Johann Joseph Graf von Trautson zu Falkenstein (17 July 1707, Falkenstein – 10 March 1757, Vienna) was a Roman Catholic clergyman, in 1750 was coadjutor of the Archdiocese of Vienna and Titular Archbishop of Cartagine, was appointed from 1751 to 1757 the Prince-Archbishop of Vienna, and was from 1756 to 1757 a cardinal.
He came from the Tyrolean Uradel, was a younger son of the Imperial Count Johann Leopold Donat von Trautson zu Falkenstein (d. 1724), Lord in Upper Austria, Imperial High Steward, Knight of the Order of the Golden Fleece and his wife, Theresia Ungnad von Weissenwolff Freiin zu Sonnegg u. Ennsegg (d. 1741). Decisive for his career was his uncle, Ernst von Trautson zu Falkenstein, who from 1685 to 1702 was Prince-Bishop of Vienna.
After a theological education, Trautson earned his doctorate in the Holy Scriptures. The ordination he received on 26 September 1728 in Salzburg. He was first canon in Salzburg, then canon in Passau and Wroclaw, and provost of Ardagger.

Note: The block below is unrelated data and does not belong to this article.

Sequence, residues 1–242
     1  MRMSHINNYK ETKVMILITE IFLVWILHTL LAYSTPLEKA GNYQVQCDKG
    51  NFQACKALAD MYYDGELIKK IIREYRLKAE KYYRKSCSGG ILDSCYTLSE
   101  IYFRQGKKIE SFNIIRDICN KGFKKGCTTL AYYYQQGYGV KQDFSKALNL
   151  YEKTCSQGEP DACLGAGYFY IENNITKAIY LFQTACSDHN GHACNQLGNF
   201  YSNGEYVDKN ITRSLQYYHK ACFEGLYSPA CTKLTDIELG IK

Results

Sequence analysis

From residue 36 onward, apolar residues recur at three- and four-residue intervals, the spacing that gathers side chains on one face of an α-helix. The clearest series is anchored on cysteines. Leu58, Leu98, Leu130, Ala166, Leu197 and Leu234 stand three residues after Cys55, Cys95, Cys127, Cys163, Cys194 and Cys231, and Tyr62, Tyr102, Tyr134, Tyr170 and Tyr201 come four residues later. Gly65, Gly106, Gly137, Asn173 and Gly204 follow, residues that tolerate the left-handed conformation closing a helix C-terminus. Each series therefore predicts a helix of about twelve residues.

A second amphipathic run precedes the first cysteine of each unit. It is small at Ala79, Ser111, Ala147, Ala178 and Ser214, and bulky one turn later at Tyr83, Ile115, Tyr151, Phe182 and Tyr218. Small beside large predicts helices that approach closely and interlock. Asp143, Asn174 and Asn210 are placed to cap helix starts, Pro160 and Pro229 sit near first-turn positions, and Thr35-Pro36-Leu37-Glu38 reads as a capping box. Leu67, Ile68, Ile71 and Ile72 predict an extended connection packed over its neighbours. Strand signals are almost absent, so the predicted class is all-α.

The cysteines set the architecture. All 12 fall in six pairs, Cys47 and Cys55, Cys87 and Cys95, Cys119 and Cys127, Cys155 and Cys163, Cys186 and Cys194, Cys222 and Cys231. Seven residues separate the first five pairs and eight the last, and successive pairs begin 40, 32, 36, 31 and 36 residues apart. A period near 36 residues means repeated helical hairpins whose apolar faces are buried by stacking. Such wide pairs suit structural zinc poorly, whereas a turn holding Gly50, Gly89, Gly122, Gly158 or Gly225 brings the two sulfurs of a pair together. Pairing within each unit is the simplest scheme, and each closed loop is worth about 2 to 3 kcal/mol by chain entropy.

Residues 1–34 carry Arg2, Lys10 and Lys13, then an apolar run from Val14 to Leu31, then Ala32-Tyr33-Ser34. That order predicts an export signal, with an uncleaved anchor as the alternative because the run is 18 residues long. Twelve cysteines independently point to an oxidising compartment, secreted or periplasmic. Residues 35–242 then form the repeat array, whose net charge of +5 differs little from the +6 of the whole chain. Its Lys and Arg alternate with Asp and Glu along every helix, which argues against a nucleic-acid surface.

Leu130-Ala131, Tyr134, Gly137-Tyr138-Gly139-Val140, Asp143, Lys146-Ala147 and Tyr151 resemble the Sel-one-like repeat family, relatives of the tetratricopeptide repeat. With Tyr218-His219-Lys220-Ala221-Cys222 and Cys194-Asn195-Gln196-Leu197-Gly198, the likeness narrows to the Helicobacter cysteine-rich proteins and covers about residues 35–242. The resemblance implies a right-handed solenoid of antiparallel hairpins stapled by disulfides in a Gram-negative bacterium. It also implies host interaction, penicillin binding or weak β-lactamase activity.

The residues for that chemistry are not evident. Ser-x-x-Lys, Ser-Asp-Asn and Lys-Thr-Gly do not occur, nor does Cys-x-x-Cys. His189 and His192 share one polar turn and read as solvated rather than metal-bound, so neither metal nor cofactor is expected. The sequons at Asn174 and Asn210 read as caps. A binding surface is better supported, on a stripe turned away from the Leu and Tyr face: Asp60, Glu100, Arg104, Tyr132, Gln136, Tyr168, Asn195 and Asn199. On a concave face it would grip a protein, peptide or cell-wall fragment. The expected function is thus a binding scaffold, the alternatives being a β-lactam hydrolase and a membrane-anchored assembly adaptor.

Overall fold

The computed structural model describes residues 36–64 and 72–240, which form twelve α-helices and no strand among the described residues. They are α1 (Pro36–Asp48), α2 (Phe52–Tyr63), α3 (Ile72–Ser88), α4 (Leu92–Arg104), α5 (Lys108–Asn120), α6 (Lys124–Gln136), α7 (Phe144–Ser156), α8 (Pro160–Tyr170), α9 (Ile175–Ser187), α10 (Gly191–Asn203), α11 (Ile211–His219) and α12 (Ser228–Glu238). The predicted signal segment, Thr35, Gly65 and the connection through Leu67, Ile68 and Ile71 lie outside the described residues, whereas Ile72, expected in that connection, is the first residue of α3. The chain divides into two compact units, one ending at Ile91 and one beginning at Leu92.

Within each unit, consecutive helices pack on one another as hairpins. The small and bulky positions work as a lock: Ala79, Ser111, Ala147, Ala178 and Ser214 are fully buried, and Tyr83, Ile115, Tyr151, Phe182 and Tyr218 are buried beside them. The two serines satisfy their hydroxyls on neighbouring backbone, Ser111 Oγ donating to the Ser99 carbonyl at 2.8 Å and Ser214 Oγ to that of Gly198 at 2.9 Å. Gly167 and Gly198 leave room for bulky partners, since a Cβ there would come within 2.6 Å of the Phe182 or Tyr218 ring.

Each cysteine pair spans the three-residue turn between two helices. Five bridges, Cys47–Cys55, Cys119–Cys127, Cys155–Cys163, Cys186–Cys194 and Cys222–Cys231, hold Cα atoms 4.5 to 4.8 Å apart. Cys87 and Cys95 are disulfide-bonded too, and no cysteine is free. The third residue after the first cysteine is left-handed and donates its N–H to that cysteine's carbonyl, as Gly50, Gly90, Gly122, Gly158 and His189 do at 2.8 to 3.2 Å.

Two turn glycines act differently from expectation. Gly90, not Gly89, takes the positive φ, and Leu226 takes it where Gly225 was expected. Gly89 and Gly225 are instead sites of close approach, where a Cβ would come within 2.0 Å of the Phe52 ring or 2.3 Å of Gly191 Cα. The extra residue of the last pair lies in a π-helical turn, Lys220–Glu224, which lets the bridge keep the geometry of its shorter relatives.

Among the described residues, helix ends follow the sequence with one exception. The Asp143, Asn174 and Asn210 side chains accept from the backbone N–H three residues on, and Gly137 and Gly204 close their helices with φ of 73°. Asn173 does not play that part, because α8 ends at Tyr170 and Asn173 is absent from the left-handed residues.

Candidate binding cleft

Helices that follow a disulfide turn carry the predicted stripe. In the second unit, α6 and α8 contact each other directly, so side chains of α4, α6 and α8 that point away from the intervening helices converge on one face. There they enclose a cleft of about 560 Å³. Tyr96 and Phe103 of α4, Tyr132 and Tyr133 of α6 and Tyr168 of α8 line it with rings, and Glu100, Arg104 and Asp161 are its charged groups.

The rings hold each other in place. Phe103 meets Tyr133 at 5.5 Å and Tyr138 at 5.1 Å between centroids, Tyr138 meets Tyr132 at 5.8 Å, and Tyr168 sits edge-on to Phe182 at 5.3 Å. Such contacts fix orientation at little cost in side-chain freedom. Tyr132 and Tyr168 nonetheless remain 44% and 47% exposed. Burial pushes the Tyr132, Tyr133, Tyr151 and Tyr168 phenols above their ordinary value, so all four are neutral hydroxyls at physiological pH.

On 7 December 1750 he was appointed coadjutor of the Archdiocese of Vienna and titular archbishop of Cartagine. The episcopal consecration was bestowed by Archbishop Sigismund von Kollonitsch on 25 December of the same year. After the death of Cardinal Kollonitsch, he headed from 17 May 1751 the diocese as prince-archbishop.
In a pastoral letter of 1 January 1752, he denounced the abuses of sermons, the superstitious beliefs of the people and excesses of indulgences. He was accused of being a Protestant.
Maria Theresa appointed him protector of the theological and philosophical sciences at the University of Vienna and head of the new building of the university (now Old University and seat of the Austrian Academy of Sciences).
Shortly before his death he was appointed on 5 April 1756 cardinal-priest. He was buried in the episcopal tomb of St. Stephen's Cathedral in Vienna.